An exploration into the professional and personal challenges facing migrant and overseas generalist Registered Nurses working and living in two small island communities

  • Tracey Mcclean

Student thesis: Doctoral ThesisDoctor of Health (DHealth)


Introduction: The recruitment and retention of Registered Nurses (RNs) in Guernsey and Alderney has been a continual challenge over the years. Whilst measures have been put in place to address the problem, these solutions have had little sustained impact on the problem. The current vacancy rate is double that being experienced by National Health Service (NHS) Trusts outside of the London area. This study proposed to explore the recruitment and retention problem in a more holistic way by capturing the experiences of RNs who are working within the Islands.Study aim: To explore the professional and personal challenges facing generalist RNs working and living in two small island communities.Methodology: An experience-centred narrative research methodology was used to explore the experiences of 20 newly appointed RNs and 15 long-serving RNs. The data consisted of 35 ‘stories’ which were captured through the use of semi-structured interviews, written accounts and visual media. The data was analysed using a critical hermeneutic approach.Results: Sixteen themes were identified and aligned with the conceptual framework underpinning the study. The stories of the participants were used to develop a model to demonstrate the acculturation process they were experiencing. Conclusions: It was recognised that all new recruits undergo a process of acculturation when they take up employment in the Islands. The study demonstrated that the process of acculturation was a continual journey and that the longer-serving participants were also undergoing a process of adjustment to the on-going cultural changes taking place in the organisation. The research highlighted that this acculturation process was influenced by multiple inter-connected factors which contributed to the challenges perceived by the participants. Whilst these factors had some commonality with those identified in the literature, the specific nature of the issues raised by the participants in this study were context dependent.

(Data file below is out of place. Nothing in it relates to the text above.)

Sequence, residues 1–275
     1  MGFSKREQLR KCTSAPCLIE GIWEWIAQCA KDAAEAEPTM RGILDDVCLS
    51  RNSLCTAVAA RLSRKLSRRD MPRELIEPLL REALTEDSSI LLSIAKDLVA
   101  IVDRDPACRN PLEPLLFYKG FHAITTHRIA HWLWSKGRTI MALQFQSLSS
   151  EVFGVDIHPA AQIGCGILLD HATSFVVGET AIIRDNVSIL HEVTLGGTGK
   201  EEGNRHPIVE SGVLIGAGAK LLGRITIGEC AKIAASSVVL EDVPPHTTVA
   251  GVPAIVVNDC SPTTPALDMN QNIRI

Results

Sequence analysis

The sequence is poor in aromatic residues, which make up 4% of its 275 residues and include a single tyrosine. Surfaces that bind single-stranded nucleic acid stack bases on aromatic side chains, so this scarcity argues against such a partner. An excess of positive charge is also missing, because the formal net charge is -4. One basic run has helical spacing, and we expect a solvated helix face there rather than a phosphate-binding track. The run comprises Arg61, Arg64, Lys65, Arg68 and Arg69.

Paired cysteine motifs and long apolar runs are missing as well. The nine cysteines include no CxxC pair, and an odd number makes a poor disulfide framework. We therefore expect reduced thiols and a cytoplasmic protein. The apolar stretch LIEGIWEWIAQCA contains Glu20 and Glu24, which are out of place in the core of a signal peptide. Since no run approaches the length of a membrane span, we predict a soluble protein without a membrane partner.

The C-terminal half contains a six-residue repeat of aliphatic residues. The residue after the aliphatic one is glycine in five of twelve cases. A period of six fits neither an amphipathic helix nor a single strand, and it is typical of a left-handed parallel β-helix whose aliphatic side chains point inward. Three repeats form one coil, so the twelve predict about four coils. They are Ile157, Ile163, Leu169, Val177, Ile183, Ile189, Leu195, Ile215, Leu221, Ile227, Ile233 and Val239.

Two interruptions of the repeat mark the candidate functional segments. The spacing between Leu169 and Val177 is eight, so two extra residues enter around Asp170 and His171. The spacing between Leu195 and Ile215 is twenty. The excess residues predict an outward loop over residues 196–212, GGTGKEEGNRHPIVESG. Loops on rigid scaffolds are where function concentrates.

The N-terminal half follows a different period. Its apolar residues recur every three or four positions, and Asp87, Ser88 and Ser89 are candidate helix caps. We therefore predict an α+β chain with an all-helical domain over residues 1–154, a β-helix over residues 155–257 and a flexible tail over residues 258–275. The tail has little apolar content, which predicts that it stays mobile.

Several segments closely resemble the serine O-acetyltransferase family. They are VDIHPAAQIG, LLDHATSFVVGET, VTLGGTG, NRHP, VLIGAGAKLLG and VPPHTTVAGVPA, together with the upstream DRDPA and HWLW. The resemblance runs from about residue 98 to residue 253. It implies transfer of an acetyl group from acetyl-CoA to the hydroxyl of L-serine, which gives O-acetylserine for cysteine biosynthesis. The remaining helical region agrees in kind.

Date of Award22 Jun 2016
Original languageEnglish
Awarding Institution
  • University of Bath
SupervisorAlan Buckingham (Supervisor)

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